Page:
Codó P, Weller M, Kaulich K, et al.
Control of glioma cell migration and invasiveness by GDF-15.
Oncotarget. 2016; 7(7):7732-46 [PubMed] Free Access to Full Article Related Publications
Growth and differentiation factor (GDF)-15 is a member of the transforming growth factor (TGF)-β family of proteins. GDF-15 levels are increased in the blood and cerebrospinal fluid of glioblastoma patients. Using a TCGA database interrogation, we demonstrate that high GDF-15 expression levels are associated with poor survival of glioblastoma patients. To elucidate the role of GDF-15 in glioblastoma in detail, we confirmed that glioma cells express GDF-15 mRNA and protein in vitro. To allow for a detailed functional characterization, GDF-15 expression was silenced using RNA interference in LNT-229 and LN-308 glioma cells. Depletion of GDF-15 had no effect on cell viability. In contrast, GDF-15-deficient cells displayed reduced migration and invasion, in the absence of changes in Smad2 or Smad1/5/8 phosphorylation. Conversely, exogenous GDF-15 stimulated migration and invasiveness. Large-scale expression profiling revealed that GDF-15 gene silencing resulted in minor changes in the miRNA profile whereas several genes, including members of the plasminogen activator/inhibitor complex, were deregulated at the mRNA level. One of the newly identified genes induced by GDF-15 gene silencing was the serpin peptidase inhibitor, clade E nexin group 1 (serpine1) which is induced by TGF-β and known to inhibit migration and invasiveness. However, serpine1 down-regulation alone did not mediate GDF-15-induced promotion of migration and invasiveness. Our findings highlight the complex contributions of GDF-15 to the invasive phenotype of glioma cells and suggest anti-GDF-15 approaches as a promising therapeutic strategy.

Liu L, Zhao Z, Zhou W, et al.
Enhanced Expression of miR-425 Promotes Esophageal Squamous Cell Carcinoma Tumorigenesis by Targeting SMAD2.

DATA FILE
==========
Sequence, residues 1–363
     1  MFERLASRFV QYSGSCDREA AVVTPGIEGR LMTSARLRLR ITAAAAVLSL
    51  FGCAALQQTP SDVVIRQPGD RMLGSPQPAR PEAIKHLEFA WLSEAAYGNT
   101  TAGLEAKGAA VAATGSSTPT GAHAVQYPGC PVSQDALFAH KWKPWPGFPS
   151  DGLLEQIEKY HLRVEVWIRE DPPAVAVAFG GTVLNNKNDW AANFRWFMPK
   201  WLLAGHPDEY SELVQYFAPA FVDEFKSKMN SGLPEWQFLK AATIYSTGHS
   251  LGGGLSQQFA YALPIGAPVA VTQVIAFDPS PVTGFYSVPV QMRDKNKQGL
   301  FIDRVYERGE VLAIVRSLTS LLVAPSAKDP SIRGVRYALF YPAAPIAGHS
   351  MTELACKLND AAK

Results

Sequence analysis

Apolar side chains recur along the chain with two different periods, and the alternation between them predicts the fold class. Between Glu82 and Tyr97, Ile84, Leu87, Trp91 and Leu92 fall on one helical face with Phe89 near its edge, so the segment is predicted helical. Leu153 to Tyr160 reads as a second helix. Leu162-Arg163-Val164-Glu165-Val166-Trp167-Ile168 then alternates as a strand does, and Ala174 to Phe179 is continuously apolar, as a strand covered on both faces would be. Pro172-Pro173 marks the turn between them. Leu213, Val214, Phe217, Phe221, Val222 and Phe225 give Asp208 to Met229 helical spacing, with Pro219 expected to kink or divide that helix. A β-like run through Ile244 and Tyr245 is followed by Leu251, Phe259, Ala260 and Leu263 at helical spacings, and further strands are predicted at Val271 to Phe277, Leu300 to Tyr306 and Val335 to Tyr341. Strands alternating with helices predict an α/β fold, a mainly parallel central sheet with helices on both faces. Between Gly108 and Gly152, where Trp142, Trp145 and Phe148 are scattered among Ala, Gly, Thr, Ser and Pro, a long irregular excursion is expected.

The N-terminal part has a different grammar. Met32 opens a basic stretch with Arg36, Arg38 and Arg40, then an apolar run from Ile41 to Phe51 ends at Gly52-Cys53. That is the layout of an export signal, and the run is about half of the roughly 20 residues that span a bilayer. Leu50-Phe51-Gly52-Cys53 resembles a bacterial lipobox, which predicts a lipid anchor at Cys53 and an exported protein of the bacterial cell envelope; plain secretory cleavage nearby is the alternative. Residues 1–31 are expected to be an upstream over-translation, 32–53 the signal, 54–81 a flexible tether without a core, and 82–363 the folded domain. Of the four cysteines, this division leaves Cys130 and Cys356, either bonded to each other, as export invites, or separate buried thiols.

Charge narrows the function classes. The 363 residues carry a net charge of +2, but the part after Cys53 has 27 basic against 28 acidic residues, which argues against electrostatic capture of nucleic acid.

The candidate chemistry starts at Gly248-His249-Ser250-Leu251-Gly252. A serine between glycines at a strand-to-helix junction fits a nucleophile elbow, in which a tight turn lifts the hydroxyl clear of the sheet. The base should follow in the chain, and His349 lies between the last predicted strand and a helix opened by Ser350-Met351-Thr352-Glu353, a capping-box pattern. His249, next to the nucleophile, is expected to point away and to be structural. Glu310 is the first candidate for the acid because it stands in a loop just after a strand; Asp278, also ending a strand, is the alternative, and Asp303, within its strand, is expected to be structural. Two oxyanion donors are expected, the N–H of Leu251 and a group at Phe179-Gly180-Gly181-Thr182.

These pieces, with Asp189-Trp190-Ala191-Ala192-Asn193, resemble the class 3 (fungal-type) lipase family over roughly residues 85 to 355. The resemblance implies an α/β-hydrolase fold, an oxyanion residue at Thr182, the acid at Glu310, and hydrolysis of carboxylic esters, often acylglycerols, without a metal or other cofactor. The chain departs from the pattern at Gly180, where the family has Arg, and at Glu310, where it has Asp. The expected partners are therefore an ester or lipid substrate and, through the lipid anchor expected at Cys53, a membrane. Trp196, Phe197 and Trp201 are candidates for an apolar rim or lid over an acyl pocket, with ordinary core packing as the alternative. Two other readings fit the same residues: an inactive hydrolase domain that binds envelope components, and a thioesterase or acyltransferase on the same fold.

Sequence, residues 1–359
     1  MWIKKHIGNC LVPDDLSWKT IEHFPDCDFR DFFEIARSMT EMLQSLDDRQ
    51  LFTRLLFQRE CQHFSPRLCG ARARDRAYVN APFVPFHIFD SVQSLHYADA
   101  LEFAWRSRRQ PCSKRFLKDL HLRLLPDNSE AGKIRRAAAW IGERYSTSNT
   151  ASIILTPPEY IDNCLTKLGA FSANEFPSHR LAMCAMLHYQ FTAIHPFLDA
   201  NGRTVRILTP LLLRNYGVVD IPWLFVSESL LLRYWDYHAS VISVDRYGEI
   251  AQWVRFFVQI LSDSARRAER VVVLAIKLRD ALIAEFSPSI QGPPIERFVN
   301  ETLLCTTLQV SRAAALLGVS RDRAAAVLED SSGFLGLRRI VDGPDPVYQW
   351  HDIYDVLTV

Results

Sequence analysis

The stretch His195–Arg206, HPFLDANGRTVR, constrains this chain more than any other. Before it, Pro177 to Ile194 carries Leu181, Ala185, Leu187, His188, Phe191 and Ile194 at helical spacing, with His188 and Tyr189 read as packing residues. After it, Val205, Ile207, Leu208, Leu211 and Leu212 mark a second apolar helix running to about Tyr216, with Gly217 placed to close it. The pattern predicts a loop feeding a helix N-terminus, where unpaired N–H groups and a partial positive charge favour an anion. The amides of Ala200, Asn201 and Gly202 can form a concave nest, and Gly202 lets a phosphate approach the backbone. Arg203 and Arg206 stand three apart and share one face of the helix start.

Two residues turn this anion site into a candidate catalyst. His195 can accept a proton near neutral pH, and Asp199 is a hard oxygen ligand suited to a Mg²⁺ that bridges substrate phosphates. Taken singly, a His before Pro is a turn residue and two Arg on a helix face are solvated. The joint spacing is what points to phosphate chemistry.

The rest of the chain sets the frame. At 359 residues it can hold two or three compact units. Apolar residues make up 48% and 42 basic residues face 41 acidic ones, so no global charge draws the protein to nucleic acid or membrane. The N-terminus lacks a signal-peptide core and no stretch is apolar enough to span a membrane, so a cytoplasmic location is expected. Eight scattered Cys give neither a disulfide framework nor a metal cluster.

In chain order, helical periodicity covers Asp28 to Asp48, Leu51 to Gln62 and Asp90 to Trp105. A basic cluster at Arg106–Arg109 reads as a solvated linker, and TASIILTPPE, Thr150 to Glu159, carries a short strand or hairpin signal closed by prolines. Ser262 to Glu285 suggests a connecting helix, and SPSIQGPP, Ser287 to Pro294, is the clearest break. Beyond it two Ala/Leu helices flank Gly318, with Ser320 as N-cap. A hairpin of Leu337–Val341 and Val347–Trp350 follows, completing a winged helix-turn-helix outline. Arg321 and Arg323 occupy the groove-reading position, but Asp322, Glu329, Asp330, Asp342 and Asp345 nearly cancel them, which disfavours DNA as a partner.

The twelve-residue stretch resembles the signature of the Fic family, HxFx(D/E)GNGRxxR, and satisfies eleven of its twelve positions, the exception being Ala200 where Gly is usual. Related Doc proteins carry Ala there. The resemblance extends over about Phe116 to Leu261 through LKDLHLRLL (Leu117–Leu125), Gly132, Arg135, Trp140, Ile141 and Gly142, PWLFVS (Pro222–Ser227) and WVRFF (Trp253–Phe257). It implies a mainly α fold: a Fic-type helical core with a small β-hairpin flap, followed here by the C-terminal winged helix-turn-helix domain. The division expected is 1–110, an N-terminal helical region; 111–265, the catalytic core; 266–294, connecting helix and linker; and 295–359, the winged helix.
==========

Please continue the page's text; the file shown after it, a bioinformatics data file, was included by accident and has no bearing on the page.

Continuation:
J Genet Genomics. 2015; 42(11):601-11 [PubMed] Related Publications
Esophageal squamous cell carcinoma (ESCC) is one of the most common and deadly cancers in the world. Currently, clinical therapy of ESCC remains limited and the five-year survival rate is poor. The function of miR-425 has been reported in multiple human cancers. However, the tumorigenic role and clinical significance of miR-425 in ESCC remains unclear. We found that enhanced expression of miR-425 in ESCC cell lines not only promoted cell proliferation and colony formation, but also increased cellular metastasis. Furthermore, we revealed the mechanism that miR-425 inhibited the expression of SMAD2 by targeting the second binding site in the 3'-untranslated region (3'-UTR) in ESCC. This mode of action influenced not only SMAD2 mRNA expression but also protein expression. In addition, we detected the expression of miR-425 in ESCC tissues and plasma. Moreover, we analyzed the relationship between miR-425 expression and SMAD2 mRNA expression. We found that miR-425 was overexpressed in ESCC tissues and the plasma relative to adjacent normal tissues and plasma of healthy individuals. Furthermore, there was a negative correlation between miR-425 expression and SMAD2. Taken together, our results show that miR-425 functions as an oncogene by targeting the 3'-UTR of SMAD2 and indicate the potential utility of plasma miR-425 as a novel biomarker for ESCC diagnosis.

Akbari A, Mobini GR, Maghsoudi R, et al.
Modulation of transforming growth factor‑β signaling transducers in colon adenocarcinoma cells induced by staphylococcal enterotoxin B.
Mol Med Rep. 2016; 13(1):909-14 [PubMed] Related Publications